On the other hand, there is another aspect to my life practice of telling someone else’s stories. When we tell someone else’s stories, we are limited because we know how those stories turned out. We know where the twists are. We are aware that what seemed to be crucial turning points when the stories were first told have become familiar and expected. Those turns have almost become clichés in many circles.

The other problem we have with telling someone else’s stories is that we become accustomed to thinking our stories should turn out like their stories did. If it worked that way for someone else, we reason, then it should work that way for me, too. We are often disappointed for we feel entitled to walking the paths that others have walked and ending up at the same destination.

If Someone Else fed the dejected prophet by miraculous means, then we expect He should do that for us, too. When the sick woman gets better immediately, we are troubled if our own disease doesn’t miraculously resolve. When the lions don’t have a snack, and when the fire doesn’t consume, we assume our experiences should reflect that reality. If struggles with illness, famine, and other dire circumstances turned out well for those others, then my struggles should have the same result.

And there’s the thing about telling someone else’s stories. While I have someone else’s stories to teach me principles and guide me to Someone Else’s truth, the fact is I’m me.


With my own story.

I’m not someone else. I can’t exit my existence and live in someone else’s reality. I can’t walk the way they walked. I have to live my story. I have to face my struggle and look for Someone Else’s lessons in my circumstances.

The good news is that Someone Else – who has worked in someone else’s stories before – is still in business. Someone Else’s Story is ongoing, and I get the incredible opportunity to jump into The Story and write a line or two. Whitman wrote:

…the powerful play goes on, and and you may contribute a verse.

What verse will I write today? How will I contribute to the Story Someone Else is writing? Will my verse, my lines, be a worthy addition? Where will my story take me today?


starbucks cup, red door, brown leaf

Sarah Gilbert via Compfight

The saddest place in America is Starbucks the day they stop using the red cups after Christmas. The second saddest place is the Christmas decorations aisle of the department store when all the leftover trimmings go on sale.

After all the anticipation starting at Thanksgiving, all of a sudden, Christmas is over.

Just. Over.

It comes. It goes. And we are left with a cleanup job we are hesitant to do.

Even if you celebrate Christmas the way it’s celebrated according to the liturgical calendar – Twelve Days, Epiphany, and all that – there is still something quite depressing about finally letting go of Christmas and getting back to the normal routine.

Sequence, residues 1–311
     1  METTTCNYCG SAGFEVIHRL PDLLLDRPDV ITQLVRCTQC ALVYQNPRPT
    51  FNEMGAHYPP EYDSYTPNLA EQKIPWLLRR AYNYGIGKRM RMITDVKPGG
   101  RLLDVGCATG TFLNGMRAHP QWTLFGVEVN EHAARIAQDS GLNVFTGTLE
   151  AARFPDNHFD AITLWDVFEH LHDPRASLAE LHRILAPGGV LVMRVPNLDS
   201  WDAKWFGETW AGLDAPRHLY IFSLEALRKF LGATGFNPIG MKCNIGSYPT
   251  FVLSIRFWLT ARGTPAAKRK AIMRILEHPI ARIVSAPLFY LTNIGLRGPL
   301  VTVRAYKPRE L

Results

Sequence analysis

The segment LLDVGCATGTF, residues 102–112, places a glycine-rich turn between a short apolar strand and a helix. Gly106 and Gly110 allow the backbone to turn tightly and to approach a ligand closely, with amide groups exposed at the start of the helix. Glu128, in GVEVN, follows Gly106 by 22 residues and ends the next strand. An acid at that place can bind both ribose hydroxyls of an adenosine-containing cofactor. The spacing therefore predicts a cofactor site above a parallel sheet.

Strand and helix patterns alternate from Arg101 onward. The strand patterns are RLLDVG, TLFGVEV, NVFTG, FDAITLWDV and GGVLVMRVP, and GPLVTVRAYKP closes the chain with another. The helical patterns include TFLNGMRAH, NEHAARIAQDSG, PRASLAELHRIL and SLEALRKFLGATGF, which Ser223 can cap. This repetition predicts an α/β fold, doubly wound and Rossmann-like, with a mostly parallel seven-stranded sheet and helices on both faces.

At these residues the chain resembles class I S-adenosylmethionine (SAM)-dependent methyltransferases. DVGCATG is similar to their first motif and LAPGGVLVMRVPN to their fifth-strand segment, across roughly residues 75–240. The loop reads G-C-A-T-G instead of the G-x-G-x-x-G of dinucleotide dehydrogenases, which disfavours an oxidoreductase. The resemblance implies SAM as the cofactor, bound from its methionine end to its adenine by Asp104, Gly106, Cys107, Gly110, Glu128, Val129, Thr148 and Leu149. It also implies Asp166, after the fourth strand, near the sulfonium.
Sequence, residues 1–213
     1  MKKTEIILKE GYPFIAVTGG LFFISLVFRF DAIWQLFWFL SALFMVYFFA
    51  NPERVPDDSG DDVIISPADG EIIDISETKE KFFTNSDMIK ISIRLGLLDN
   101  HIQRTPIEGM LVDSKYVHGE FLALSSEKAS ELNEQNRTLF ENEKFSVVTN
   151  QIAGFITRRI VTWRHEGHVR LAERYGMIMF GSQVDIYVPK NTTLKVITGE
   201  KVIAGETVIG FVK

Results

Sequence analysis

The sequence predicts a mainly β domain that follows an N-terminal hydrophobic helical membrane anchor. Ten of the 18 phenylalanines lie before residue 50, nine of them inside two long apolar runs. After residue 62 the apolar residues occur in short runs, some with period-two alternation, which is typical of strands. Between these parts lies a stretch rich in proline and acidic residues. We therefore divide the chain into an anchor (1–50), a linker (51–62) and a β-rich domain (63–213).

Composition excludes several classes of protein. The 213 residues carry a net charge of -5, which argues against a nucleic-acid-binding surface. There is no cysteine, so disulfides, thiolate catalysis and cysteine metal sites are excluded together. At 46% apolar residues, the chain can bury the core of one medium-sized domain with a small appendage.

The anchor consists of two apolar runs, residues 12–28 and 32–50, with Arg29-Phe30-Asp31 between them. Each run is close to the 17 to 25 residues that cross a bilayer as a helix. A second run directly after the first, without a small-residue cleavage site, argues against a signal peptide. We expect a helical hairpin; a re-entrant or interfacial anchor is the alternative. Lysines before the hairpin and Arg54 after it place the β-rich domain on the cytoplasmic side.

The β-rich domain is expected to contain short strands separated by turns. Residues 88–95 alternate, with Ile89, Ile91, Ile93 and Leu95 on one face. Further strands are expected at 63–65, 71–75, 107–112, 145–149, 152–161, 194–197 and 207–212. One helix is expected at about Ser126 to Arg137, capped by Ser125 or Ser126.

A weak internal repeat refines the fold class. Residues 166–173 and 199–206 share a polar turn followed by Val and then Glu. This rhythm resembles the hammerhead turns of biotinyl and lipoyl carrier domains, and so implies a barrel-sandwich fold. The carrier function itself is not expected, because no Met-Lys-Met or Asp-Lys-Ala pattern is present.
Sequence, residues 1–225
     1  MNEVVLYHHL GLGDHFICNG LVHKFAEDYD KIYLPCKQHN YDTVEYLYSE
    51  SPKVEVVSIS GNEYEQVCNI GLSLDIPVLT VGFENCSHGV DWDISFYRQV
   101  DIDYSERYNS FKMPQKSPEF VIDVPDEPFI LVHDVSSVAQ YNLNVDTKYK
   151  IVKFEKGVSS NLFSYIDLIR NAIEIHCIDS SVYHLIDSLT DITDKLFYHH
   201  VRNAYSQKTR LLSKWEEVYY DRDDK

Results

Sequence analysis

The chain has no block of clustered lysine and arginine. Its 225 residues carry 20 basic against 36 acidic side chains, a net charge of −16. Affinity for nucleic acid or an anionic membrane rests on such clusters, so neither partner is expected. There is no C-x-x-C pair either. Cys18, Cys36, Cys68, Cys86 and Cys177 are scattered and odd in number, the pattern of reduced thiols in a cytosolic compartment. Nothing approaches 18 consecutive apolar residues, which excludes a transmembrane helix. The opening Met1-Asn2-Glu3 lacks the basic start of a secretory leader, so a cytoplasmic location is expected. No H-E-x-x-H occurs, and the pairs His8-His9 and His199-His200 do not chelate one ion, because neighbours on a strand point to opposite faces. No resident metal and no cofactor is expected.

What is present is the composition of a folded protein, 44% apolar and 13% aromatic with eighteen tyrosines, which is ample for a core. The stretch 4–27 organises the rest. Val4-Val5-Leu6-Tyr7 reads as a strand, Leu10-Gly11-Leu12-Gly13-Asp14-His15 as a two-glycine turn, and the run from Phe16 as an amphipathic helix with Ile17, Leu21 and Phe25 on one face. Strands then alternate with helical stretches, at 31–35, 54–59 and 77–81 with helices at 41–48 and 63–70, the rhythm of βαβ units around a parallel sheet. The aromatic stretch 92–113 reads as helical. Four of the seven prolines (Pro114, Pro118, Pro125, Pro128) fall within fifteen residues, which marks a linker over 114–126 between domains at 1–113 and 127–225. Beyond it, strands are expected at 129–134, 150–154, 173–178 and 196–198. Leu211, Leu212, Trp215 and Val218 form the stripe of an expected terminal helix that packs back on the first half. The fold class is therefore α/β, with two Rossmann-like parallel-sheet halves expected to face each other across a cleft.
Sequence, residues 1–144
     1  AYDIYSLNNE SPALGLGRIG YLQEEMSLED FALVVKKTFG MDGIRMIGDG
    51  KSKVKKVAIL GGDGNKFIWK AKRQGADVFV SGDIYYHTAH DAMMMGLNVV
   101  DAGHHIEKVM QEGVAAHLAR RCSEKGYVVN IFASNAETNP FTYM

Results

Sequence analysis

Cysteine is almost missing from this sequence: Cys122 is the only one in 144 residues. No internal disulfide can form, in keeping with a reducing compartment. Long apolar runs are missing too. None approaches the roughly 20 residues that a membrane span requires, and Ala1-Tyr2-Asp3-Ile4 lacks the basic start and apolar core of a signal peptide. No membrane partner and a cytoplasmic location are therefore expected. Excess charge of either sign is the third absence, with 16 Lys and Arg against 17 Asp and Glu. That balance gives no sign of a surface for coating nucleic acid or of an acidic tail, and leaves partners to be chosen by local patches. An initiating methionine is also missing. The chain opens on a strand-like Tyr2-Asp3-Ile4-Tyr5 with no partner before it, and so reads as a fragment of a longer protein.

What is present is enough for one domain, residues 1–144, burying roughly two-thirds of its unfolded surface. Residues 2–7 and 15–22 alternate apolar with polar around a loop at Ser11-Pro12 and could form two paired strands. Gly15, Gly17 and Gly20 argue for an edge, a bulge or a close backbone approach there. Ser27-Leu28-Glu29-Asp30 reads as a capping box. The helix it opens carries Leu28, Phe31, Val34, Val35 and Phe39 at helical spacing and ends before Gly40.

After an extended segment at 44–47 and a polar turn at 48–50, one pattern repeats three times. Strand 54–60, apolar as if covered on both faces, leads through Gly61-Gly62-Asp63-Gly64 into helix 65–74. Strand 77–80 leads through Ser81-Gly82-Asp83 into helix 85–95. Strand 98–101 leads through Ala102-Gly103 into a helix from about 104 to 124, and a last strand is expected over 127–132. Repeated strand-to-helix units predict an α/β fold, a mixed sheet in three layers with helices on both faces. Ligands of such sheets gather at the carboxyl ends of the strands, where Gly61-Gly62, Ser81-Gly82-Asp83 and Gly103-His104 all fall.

I drove down my street yesterday, looking at the houses that still had Christmas decorations up. I wondered if the folks inside just hadn’t gotten around to cleaning up or if they were keeping their decorations up to prolong the joy of the holiday season as long as possible.

I wondered if there were loved ones – maybe serving in the military – who hadn’t made it home yet. Maybe the decorations were ready for a delayed Christmas homecoming.

I wondered if the children and grandchildren were far off at Christmas. Maybe they were with the “other” parents and their families. Perhaps there was an unexpected crisis that postponed the holiday at home.

Maybe those families just can’t bear the thought of the effort required to take down and pack up.

For whatever reason, leftover decorations in the first full week of January seem, well…sad.

The routine beckons. There are things to do. The kids are back in school. The office will be in full swing. It’s back to “normal,” whatever that means these days.

But I say there’s an antidote. I say take the decorations down, fine.

But I also say keep Christmas alive all week, all month, and yep…even all year long. That’s the transformative power of Christmas in its truest sense. That’s how crotchety old Scrooge changed to generous new Ebenezer. He said, “I will honour Christmas in my heart, and try to keep it all the year. I will live in the Past, the Present, and the Future. The Spirits of all Three shall strive within me. I will not shut out the lessons that they teach!” (Charles Dickens, A Christmas Carol).

Sad to see Christmas end? Sure! Disappointed that it’s over, at least for another year? Absolutely! But until Labor  Day (when everyone starts listening to Christmas music!), you and I can keep the joy of Christmas alive.

Reboot, Part 1…


 Image:  Acid Pix via https://flic.kr/p/dPcExT

Sometimes we encounter problems and issues with our computers, phones, and other devices that can only be resolved with a complete reboot. Powering down the device completely and giving it a chance to fix the issue is often the only recourse. In fact, some experts tell us we should schedule regular times of powering down and rebooting to keep or devices running at optimal effectiveness.

We’re like that, too. Just like our devices, we encounter issues that can only be resolved by a time of rebooting. I’ve come to recognize some of the symptoms in my life that may indicate it’s time for a reboot.

I need a reboot when…

  •  I’m isolated. I’m not talking about the time alone that most of us need more than we admit. I’m not talking about being an introvert by temperament. I’m talking about those times in my life when I go out of my way to avoid other people, even those who are in my close network of support. When I find myself shutting people out and retreating to the places where I can stay away from others, I may need a reboot. As an introvert living in a world that tilts toward extroverts, I need some time away to recharge and refocus. But I also need to realize I was created for community and any excuse I find to get away from others over an extended time is a good indicator I need to reboot.